Include your name and affiliation.
Papers must be 15-20 minutes in length.
Submissions should be emailed to medievalstudy@gmail.com along with a completed participant information form (found at http://www.wmich.edu/medieval/congress/submissions/index.html)

Pearl Kibre Medieval Study, Medieval Studies Certificate Program
CUNY Graduate Center, New York, NY

Symposium: Christ Among the Medieval Mendicants

Friday August 23, 2013
8:30am-6:30pm

We would like to invite everyone to a symposium at the Graduate Center on August 23, commemorating the 750th anniversary of Corpus Christi as a feast day and in conjunction with the Morgan Library’s exhibit “Illuminating the Faith”
www.eventbrite.com/event/7450226829

8th Annual PKMS Conference: “New Media and the Middle Ages”

med_modFriday, March 1
10:00 a.m. to 4:00 p.m.
Room 9205
Graduate Center, CUNY
365 Fifth Avenue, New York, 10016

8th Annual PKMS Conference
“New Media and the Middle Ages”

10:00 Registration

10:30 Panel 1: Sacred Technologies: Media and Memory
Moderator: Debra Hilborn, Graduate Center, CUNY

“Office Prayer as Technology-use”
Paul Holchak, English Program, Graduate Center, CUNY
Abstract

“A Multimedia Devotional Panel and the Journey from the Material to the Immaterial”
Sarah Dillon, Assistant Professor, Kingsborough Community College
Abstract

11:45 Panel 2: Digital Exploration: Mapping and Data Mining”
Moderator: David Heayn, Graduate Center, CUNY

“Exploratory Analysis of Arabic Biographical Collections: the case of al-Dhahabi’s (d. 1347 CE) ‘History of Islam'”
Maxim Romanov, PhD Candidate in Arabic and Islamic Studies, University of Michigan
50 Seconds of Islamic History
Abstract

“The Anglo-Saxon Chronicle Map: Google Earth and 1,000-year-old Texts”
Rebecca Shores, University of North Carolina
Abstract

12:45 Lunch Break

1:45 Keynote: “Virtual Mappa, or History Lessons in New Media”
Martin Foys, Associate Professor of English, Drew University; Co-director of the Digital Mappaemundi Project

3:00 Panel 3: Digital Humanities at Work: Current Projects
Moderator: Chase Robinson, Provost, Graduate Center, CUNY

“Mapping a Medieval Career: Jean Gerson, Joan of Arc and the Power of Data Visualization”
Miriam Ward, SUNY New Paltz
Abstract

“Documenting Cappadocia: Building a Community through Digital Scholarship”
Alice Lynn McMichael, Art History, Graduate Center, CUNY
Documenting Cappadocia

4:00 Reception

The Eighth Annual Pearl Kibre Medieval Study Interdisciplinary Student Conference
with the generous support of the Graduate Center Digital Initiatives, Medieval Studies Certificate Program, Doctoral Students Council, and Art History, History, English, Music, and Theatre departments.

Dec. 7, Film Screening: “Restless Heart: The Confessions of Augustine”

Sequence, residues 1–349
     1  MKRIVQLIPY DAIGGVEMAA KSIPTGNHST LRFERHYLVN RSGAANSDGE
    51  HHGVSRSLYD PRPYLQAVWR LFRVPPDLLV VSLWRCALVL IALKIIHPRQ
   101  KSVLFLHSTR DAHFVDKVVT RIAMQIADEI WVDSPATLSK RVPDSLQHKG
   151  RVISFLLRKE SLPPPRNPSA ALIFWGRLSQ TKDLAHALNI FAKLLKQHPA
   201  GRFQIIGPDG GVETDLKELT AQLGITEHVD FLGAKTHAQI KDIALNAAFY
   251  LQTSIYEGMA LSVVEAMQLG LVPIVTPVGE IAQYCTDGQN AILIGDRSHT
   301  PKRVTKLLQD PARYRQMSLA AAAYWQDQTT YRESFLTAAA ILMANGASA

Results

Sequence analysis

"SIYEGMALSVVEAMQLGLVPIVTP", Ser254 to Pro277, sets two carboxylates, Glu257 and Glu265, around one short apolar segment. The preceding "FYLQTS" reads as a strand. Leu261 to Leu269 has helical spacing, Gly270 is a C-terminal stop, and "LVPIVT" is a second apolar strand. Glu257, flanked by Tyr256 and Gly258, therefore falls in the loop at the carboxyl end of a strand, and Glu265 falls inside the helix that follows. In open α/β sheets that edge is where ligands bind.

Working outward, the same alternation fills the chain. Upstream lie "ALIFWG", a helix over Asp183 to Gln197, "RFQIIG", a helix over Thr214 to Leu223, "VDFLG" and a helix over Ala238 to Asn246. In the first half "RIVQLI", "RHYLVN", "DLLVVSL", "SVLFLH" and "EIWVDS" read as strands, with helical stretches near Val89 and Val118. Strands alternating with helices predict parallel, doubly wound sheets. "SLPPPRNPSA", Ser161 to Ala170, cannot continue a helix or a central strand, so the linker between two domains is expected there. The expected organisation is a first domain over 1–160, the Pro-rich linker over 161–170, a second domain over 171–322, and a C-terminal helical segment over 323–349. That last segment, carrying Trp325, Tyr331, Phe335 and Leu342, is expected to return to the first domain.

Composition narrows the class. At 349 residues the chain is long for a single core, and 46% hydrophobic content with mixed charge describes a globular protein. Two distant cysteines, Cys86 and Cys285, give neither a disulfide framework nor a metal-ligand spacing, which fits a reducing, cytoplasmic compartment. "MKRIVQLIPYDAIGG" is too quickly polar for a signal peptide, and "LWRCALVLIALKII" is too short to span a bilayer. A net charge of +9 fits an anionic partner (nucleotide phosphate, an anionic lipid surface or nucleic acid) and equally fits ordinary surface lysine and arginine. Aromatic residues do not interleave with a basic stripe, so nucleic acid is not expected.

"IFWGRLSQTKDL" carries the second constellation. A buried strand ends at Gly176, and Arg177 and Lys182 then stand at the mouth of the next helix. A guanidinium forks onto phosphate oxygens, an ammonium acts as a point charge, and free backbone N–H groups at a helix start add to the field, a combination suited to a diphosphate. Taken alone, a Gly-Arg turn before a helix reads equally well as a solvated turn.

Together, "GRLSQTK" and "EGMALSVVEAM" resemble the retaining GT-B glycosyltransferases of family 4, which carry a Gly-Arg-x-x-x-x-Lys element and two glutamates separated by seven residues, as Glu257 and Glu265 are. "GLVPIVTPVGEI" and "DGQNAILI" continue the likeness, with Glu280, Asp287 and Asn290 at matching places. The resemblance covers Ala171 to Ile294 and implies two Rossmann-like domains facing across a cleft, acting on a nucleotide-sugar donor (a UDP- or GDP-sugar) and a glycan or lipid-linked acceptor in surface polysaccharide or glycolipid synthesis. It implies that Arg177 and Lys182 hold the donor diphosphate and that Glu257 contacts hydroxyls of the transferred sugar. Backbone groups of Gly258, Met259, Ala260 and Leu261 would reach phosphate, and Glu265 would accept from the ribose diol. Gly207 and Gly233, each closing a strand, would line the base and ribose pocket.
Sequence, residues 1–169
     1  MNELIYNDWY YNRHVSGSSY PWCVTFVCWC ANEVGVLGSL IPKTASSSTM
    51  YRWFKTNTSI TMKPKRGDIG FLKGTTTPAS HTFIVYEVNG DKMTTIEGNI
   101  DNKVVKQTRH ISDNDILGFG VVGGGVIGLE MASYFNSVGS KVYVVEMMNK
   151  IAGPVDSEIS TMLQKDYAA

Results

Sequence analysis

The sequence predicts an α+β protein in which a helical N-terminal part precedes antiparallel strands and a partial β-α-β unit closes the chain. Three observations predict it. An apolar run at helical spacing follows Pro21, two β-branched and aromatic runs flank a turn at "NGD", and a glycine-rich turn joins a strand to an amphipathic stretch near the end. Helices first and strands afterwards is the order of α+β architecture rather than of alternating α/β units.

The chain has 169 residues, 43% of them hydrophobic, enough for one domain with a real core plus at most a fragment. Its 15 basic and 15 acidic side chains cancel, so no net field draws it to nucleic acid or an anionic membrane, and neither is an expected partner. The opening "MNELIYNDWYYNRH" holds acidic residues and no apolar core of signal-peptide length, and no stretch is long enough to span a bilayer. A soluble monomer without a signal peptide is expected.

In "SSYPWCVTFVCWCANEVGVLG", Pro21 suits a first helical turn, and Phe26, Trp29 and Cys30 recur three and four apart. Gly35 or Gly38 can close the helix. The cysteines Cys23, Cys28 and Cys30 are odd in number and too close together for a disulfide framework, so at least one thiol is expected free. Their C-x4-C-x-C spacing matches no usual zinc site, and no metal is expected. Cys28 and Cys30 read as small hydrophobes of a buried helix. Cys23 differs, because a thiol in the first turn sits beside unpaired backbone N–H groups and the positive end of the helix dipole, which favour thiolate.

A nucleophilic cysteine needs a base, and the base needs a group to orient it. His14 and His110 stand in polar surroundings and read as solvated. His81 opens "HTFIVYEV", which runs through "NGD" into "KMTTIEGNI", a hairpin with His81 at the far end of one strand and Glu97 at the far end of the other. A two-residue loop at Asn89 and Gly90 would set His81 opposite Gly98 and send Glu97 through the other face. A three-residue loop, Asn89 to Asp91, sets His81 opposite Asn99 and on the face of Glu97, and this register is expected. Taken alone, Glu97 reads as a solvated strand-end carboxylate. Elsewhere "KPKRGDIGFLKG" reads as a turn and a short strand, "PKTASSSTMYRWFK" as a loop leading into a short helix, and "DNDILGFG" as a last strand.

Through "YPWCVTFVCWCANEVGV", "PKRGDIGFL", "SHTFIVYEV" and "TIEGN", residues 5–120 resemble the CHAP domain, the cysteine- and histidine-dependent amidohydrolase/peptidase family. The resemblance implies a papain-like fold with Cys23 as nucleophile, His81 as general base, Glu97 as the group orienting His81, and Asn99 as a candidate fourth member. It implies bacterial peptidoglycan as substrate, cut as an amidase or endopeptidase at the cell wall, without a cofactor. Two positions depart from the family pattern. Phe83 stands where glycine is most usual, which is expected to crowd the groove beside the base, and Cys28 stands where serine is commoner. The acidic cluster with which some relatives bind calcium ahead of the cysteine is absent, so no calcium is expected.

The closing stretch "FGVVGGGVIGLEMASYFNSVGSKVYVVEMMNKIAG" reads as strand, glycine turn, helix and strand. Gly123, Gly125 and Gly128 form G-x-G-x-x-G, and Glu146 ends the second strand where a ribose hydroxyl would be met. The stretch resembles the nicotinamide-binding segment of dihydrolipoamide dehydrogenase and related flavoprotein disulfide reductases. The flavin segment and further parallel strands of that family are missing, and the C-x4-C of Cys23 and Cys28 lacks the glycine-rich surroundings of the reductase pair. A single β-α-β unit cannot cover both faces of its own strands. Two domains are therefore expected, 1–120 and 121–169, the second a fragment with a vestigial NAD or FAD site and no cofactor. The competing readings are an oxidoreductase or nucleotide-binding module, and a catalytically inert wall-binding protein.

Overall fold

Please join us for a screening of the 2010 film “Restless Heart: The Confessions of Augustine,” on Friday, December 7, 2012 at 3:30 pm in the Segel Theater of the Graduate Center, CUNY.* After the film, Marcia Colish (Yale University) will be the respondent. Seating is limited, so we recommend that you RSVP to medievalstudy@gmail.com. Discussion to follow.

Filmed in Europe, RESTLESS HEART is the first full-length feature movie on St. Augustine. Born in North Africa, Augustine studied in Carthage, becoming an accomplished but dissolute orator. After converting to Manichaeism, a guilt-free religion, he was called to the imperial court in Milan to serve as an opponent to the Christian Bishop Ambrose. But when the Empress Justina sent imperial guards to clear out a basilica where Augustine’s mother, Monica, was worshipping, her constant prayers and the witness of Ambrose won him over to Christianity. Serving in Hippo in 430 AD, Bishop Augustine urged the Roman garrison to negotiate with the Vandal King Genseric, but they proudly refused. He passed up a chance to escape on a ship sent to rescue him by the Pope, and stayed by the side of his people. Christian Duguay directed the film, and the cast includes Franco Nero, Johannes Brandrup, Monica Guerritore and Alessandro Preziosi.

*The Graduate Center is located at 365 Fifth Avenue, New York, NY. The Segal Theatre is on the first floor.

This event is sponsored by the Pearl Kibre Medieval Study.

Medieval Holiday Feast – Dec. 2, 2pm

The feast season is at hand, and the Pearl Kibre Medieval Study intends to celebrate like it’s 1099!

Our Medieval Feast with be Sunday, Dec. 2 at 2pm here at the GC in room 5414.
Because this is a weekend event, be sure to bring your ID. (And if you bring a guest, have them bring a valid ID as well.)

We have traditional carols to sing, and all can participate in a “dramatic” reading of the Chester cycle nativity play.

The feast is a potluck, and we encourage (but do not require) feasters to bring medieval-inspired food. Gode Cookery has a vast collection of recipes in translation:
http://www.godecookery.com/mtrans/mtrans.htm

Comment here if you know what type of food you plan to bring, so that we can ensure our food groups are covered. (Even if you don’t RSVP, we want you come anyway.) We genuinely hope you will join us!